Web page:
In February, my grandfather died. This was the first substantial loss I have ever felt, and I am very thankful that it took me 20 years to experience a death so impactful on my life. At the same time, I feel lost because I’ve never had to deal with something like this. Losing him sparked this series. We don’t even realize how many forms death comes in. Through these works, I’m trying to figure out what it means to die. I still don’t know, if I’m honest. But then again, I don’t think we can ever really know. So, while I’m trying to figure that out, I’m also looking at the different types of death.
Within this series, I am using many different mediums: acrylics and oils, collage, digital painting, and dry media. I chose to use a wide breadth of media to express my understanding and feelings surrounding death. Each piece takes a different form, but there is a thread that ties them together: Empathy and love.
In each piece about my grandfather, I show the ways in which he loved me, how I loved, and continue to love him, and how those of us left in his wake are struggling to redirect that love. When he passed, I reached out to support groups for grief, and one person shared a quote with me. Jamie Anderson said, “Grief is just love with no place to go.” This is how I’m trying to redirect it.
In each of my bone pieces, I show how the bones are not objects that I own, but rather companions that I care for. I have a belief that if I am meant to find something, I will. If I find a pile of deer bones in the woods, that is my cue. That is the spirit of the deer calling to me, saying “I’m still here.” I take the bones with me, I clean them, I care for them. It’s my way of honoring their spirit, and their death. Every animal I find is precious to me, and that is what I try to show in my paintings. Like the artist Josephine Halvorson, I use delicate blending techniques to soften the subject that is normally shown as horrific and gory. Instead, through my blending and color, I bring warmth and lightness to it. Halvorson’s Carcass does this very well. It depicts a carcass of a dead animal, but it’s neither clinical nor shocking. It feels alive.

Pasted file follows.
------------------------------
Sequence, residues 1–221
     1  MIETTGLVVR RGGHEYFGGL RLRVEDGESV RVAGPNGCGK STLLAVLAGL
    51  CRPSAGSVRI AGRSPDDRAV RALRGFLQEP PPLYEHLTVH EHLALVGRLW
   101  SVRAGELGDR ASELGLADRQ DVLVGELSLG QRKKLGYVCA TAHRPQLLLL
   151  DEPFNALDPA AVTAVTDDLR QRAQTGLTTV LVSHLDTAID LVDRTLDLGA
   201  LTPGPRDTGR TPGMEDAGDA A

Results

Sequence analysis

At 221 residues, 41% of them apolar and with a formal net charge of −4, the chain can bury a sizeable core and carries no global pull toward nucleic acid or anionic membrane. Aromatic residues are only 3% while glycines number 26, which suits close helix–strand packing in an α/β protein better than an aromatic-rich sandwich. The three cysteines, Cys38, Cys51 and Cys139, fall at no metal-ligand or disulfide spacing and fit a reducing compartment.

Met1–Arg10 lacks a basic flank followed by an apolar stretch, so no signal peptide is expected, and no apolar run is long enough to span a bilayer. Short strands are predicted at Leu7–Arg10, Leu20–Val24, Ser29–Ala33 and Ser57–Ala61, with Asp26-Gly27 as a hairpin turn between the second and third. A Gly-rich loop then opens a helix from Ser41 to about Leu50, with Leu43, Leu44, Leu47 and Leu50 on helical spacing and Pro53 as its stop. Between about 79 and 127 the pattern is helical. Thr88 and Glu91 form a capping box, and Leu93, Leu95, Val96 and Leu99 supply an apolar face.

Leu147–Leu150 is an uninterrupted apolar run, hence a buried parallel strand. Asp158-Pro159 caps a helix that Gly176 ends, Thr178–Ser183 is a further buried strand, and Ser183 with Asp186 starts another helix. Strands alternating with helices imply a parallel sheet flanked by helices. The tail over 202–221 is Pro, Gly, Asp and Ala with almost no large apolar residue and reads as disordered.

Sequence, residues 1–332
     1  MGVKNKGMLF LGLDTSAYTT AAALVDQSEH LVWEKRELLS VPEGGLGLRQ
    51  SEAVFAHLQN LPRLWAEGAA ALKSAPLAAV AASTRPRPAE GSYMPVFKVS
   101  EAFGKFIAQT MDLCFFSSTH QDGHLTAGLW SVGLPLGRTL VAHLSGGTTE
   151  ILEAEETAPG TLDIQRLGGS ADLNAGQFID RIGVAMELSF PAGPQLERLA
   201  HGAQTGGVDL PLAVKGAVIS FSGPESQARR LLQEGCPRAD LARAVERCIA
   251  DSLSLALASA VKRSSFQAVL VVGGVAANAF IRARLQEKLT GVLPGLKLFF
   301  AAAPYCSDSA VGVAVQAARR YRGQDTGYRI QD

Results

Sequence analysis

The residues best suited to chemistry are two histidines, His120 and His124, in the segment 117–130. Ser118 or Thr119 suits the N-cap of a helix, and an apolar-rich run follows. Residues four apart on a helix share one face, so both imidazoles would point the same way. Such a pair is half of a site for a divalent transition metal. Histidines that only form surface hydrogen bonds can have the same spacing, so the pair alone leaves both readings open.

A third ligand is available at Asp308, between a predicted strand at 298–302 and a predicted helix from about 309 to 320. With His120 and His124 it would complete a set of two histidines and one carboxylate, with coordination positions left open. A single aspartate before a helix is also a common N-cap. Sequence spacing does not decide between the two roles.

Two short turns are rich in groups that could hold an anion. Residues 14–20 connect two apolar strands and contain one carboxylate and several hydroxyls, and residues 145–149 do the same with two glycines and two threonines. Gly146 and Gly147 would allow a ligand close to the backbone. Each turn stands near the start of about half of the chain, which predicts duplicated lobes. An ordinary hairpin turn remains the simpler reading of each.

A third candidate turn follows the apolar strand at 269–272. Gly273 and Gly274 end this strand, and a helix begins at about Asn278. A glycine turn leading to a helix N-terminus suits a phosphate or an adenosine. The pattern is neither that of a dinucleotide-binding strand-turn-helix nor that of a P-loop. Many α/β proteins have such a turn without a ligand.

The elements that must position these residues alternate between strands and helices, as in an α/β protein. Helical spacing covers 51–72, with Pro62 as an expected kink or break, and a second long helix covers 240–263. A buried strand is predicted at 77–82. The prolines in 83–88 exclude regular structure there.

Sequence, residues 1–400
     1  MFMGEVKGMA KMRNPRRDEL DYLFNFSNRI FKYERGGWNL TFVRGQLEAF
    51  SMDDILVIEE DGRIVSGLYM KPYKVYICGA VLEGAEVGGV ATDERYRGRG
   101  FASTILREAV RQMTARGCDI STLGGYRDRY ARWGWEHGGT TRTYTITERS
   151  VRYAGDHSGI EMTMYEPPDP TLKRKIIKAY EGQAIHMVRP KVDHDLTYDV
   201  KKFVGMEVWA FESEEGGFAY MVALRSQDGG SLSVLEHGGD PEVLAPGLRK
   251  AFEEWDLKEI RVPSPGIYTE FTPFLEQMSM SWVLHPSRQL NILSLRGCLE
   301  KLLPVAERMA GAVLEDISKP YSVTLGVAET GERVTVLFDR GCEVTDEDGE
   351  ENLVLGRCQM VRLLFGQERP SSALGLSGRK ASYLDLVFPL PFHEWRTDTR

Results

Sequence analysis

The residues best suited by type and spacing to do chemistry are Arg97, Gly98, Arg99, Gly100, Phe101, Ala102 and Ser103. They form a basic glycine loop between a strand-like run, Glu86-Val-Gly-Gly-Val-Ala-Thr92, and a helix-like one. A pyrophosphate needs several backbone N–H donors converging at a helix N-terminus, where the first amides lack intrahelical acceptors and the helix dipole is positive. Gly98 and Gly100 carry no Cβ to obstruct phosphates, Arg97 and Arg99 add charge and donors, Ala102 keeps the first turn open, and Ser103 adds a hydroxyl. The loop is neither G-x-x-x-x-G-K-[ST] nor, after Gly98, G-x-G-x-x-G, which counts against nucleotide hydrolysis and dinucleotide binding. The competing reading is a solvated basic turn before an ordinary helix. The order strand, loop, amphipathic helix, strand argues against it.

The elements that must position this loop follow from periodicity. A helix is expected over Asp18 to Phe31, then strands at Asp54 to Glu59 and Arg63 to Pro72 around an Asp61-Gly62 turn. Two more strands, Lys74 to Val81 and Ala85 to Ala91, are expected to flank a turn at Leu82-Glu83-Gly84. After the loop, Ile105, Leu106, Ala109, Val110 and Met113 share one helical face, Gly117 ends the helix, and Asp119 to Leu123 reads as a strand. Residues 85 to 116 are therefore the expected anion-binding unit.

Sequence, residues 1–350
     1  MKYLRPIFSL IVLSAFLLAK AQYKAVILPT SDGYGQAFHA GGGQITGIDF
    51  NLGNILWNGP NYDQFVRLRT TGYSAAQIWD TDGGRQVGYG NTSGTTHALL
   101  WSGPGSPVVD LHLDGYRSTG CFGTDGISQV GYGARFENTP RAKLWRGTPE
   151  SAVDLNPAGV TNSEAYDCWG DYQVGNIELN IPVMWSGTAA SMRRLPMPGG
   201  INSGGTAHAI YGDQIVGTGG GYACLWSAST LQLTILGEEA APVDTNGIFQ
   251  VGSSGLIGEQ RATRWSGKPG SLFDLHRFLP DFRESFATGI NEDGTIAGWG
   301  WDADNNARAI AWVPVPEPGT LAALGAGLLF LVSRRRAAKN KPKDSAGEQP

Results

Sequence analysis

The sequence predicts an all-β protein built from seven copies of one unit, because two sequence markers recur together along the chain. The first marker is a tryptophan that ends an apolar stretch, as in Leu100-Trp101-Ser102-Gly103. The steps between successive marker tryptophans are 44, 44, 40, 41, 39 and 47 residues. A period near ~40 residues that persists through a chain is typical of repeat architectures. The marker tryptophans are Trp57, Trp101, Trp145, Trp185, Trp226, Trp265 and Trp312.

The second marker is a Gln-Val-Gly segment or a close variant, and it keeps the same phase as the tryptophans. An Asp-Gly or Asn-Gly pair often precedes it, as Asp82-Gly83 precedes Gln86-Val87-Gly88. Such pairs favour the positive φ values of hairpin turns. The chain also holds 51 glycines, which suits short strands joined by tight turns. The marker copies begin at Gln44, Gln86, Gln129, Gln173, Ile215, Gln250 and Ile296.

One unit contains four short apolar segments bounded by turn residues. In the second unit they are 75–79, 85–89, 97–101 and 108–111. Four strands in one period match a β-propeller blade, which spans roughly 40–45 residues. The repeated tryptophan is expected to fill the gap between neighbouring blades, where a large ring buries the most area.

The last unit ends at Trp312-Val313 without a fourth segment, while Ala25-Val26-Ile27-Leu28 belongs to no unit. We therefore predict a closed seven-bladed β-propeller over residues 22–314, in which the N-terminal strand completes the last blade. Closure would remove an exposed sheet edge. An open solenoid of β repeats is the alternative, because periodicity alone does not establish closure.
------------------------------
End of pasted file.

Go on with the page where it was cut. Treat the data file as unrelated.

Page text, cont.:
Even my wasp piece shows that even the smallest beings deserve love and understanding. I combine this feeling with messages that I want to say to the departed. Similar to Bruce Nauman’s piece, One Hundred Live and Die, I use repetition to create the feeling of an echo. However, I layer the text in a way that makes it harder to read and understand. The intent is to create a feeling of eavesdropping for the viewer. I am not speaking to you in this piece, I am speaking to the dead.